Well that’s enough self-important whining. Souvlaki is a shoegaze album. I don’t know much about shoegaze, but the references I do have point to its main pillars being roughly the same of all noise music: to trip out, decentralize, pound, and generally mess with the listeners’ brain. I suppose distorting otherwise normal songs into walls of sound creates a kind of uncanny valley effect on the ear best suited for unapologetic noisy cascades like Loveless or deconstructive trip-outs like Isn’t Anything. Souvlaki’s angle is neither of those things, or even anything on that spectrum: this is DREAM music. The distortion isn’t used to give abstract emotions concrete musical presence, it’s to take the concrete and make it abstract.

The opening track, “Alison”, is the most straightforward example. It’s about drugs. Whee, breaking new ground for shoegaze! But specifically, it’s about drugs as escapism, the devaluing of the real world, and the implication of how much the real world is going to hurt once drug abuse catches up with you. This is the kind of song shoegaze was MADE for, a joyfully free, depressingly foreboding, thickly decadent, darkly menacing fuzz of painfully finite ecstasy. What a wonderful atmosphere.

Now, is the album a bit samey? Yeah. But it never becomes boring because every emotion is so intense and the constant beauty is so warm and inviting, even if the cloud of “this can’t last” is always hanging overhead. “Machine Gun” is so dark that it’s difficult for me to get through. The only reason I can is because it’s so breathtakingly gorgeous that I can forget about the suicidal lyrics. It probably should have come after the trivial-by-comparison heartbreak of “40 Days”, but oh well. “40 Days” features some slow but stinging guitar lines, a smart and memorable way to continue beating your heart into submission. “Sing” is cavernous, bubbly, open-sounding bliss, slow, sticky, enveloping. It’s also got one of the prettiest melodies on the album (but more on them later). “Here She Comes” finally brings us into positivity territory, with lyrics about loneliness at a huge social gathering, communicated in some of the album’s most sparse production (especially by the standards of shoegaze). A nebulous “she” shows up at the very end, and even though my first thought was that “she” was a stand-in for drugs (yes this is that kind of album), I decided that there wasn’t enough grounds for that and switched to the more literal, heartwarming perspective. Too bad the song ends before we can see what they were up to, eh?

Then the album pulls one of the most brilliant double punches I’ve ever heard with “Souvlaki Space Station” and “When The Sun Hits.” “Souvlaki Space Station” sounds like the title. There’s no other way to sum up this majesty. It’s immediately evocative of space, solitude, wonder, unlimited freedom…the stuff dreams are made of. It’s one of the more up-front songs on the album, with an attention-grabbing intensity and wonderful echoing riff. It’s practically the ideal shoegaze song. “When The Sun Hits” also sounds like the title, with an endless glow communicated through shimmeringly haunting guitar that’s both obtrusive and gorgeous. These two songs are as perfect sonic pictures as you could ever hope to paint.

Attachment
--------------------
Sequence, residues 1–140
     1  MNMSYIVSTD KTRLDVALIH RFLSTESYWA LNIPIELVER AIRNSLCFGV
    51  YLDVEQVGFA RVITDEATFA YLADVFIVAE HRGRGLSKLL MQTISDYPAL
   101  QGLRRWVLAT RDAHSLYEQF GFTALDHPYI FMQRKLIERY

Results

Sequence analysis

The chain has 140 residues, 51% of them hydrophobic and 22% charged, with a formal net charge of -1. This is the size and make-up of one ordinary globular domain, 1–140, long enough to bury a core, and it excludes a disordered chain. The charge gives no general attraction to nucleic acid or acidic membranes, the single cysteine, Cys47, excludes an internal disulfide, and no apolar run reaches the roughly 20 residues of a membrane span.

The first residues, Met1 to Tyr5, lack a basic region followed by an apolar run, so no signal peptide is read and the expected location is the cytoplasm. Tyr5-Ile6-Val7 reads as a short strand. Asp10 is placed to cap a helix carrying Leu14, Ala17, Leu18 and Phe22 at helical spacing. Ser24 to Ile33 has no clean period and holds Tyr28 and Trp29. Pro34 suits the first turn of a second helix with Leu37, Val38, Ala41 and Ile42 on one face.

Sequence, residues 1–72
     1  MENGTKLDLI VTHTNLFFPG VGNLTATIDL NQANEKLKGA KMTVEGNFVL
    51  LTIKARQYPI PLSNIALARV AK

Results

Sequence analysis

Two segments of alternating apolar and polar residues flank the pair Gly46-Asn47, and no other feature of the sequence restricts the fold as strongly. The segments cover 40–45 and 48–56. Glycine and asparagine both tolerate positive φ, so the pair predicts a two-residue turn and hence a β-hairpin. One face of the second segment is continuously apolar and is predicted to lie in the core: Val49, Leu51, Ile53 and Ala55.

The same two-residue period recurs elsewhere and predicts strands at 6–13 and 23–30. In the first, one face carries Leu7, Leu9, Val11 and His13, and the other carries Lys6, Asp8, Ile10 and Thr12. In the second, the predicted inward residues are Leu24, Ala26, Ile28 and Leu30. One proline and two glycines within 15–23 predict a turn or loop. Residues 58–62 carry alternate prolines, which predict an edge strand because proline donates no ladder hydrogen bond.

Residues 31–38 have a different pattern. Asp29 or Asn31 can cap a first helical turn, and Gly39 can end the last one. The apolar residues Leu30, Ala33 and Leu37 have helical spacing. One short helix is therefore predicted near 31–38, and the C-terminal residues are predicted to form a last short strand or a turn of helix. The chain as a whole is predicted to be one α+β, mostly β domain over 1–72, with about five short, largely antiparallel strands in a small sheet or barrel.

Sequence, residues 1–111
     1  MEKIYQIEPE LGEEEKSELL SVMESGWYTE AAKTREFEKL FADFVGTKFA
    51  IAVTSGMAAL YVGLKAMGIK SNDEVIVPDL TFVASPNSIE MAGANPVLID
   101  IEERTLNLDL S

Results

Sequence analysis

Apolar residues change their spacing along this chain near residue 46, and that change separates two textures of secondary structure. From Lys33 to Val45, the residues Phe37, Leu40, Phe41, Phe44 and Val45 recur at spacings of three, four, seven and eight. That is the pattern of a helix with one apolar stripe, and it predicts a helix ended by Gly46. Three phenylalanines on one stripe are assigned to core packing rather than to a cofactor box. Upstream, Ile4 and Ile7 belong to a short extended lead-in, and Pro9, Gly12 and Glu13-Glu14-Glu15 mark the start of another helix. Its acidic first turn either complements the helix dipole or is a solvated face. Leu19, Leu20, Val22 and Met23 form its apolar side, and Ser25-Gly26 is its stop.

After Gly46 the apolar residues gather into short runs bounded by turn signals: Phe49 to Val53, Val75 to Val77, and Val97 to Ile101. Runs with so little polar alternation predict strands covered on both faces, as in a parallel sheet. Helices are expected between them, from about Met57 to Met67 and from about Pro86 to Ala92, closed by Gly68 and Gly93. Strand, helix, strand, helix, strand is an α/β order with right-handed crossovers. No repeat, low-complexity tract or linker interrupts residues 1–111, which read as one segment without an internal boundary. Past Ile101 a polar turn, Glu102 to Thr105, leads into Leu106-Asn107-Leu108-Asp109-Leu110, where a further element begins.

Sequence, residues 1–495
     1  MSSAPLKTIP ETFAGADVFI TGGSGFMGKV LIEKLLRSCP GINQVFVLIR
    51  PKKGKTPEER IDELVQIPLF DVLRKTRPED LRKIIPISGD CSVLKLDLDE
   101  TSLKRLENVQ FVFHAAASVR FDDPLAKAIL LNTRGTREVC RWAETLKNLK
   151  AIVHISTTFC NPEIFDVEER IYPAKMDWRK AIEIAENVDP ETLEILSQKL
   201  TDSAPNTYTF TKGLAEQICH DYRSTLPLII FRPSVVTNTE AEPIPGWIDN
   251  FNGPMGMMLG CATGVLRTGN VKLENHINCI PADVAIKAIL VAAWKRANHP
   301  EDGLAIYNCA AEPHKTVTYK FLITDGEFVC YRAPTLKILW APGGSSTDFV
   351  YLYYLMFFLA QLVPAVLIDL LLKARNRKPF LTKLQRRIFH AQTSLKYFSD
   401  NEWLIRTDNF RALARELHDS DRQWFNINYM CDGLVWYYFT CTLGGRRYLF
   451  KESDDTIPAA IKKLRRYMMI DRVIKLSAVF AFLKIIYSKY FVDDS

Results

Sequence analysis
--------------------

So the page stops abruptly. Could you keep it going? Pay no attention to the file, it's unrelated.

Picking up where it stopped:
The final trio can’t reach those heights, especially since they mellow out a bit, but they’re good nonetheless. “Melon Yellow” is unnaturally slow, to the extent where it can be taken as either unnerving or contemplative. “Dagger” is a lot softer and lo-fi then the title would suggest, definitely the least shoegaze song on here in sound, though it’s gut-punchy lyrics fit perfectly and the melody is nice. “Altogether” is bit underwhelming as a closer, but by now the formula of otherworldly beauty has been perfected enough for me to get swept up in it anyway.

Now, a lot of people fault shoegaze for its songwriting, which is often hidden beneath the fuzziness and distortion, so before I conclude I want to throw out a quick admission: the melodies on this album are pretty enh. There’s not a lot of catchy, pretty riffs like on Loveless, for example. I don’t mind this because (a) the album never pretends to be about melody and (b) the melodies are all very nice sounding even if they’re not memorable. Thankfully, this is a MOOD album, and should be judged as such. If descriptions like “dreamy”, “ethereal”, “trippy”, and other words right out of The Complete Hack’s Guide to Musical Description will insta-sell and album for you, you pretty much need to listen to this right now. A lot of people see those descriptions as warnings of course, but…enh, they’re all nuts.

Music: 4/5

Thematic Content: 5/5

Lyricism: 5/5

Diversity: 3/5

Resonance: 5/5

Experience: Trying to psychoanalyze a dream…while you’re still dreaming. And going through a breakup.

10+/10 (yawn). Best Song: Souvlaki Space Station

Posted in Iron Maiden, Music Reviews

Iron Maiden – Piece of Mind – Review

Iron_Maiden_-_Piece_Of_Mind

And so Mr. Miniike got back from a week-long vacation. He’s been going to bed at 12:45 and waking up at 6:15 during that entire time. Here he is in a new, completely coherent review: